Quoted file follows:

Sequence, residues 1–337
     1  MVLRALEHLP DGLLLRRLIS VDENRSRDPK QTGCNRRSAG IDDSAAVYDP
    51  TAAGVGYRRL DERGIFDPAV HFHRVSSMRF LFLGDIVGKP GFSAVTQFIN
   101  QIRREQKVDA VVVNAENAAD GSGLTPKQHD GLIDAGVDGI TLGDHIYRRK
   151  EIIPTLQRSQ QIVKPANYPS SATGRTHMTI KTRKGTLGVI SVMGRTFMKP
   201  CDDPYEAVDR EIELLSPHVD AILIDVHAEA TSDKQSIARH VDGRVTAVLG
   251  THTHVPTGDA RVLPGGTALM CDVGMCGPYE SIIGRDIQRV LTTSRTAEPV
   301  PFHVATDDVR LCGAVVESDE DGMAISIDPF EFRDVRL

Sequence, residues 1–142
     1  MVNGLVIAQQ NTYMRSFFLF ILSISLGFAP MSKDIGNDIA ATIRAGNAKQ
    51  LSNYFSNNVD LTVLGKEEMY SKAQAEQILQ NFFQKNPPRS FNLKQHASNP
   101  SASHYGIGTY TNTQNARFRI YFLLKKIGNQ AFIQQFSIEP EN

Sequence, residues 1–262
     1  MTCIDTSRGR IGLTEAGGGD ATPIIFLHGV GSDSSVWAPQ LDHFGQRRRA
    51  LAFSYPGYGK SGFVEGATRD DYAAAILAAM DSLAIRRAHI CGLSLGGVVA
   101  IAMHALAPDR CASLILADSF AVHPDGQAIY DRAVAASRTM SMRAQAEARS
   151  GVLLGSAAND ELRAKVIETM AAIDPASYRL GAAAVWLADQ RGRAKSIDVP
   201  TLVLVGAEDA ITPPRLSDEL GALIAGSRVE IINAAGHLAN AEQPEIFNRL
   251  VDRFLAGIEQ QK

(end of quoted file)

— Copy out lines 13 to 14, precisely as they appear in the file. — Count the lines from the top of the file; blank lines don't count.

Sequence, residues 1–262
     1  MTCIDTSRGR IGLTEAGGGD ATPIIFLHGV GSDSSVWAPQ LDHFGQRRRA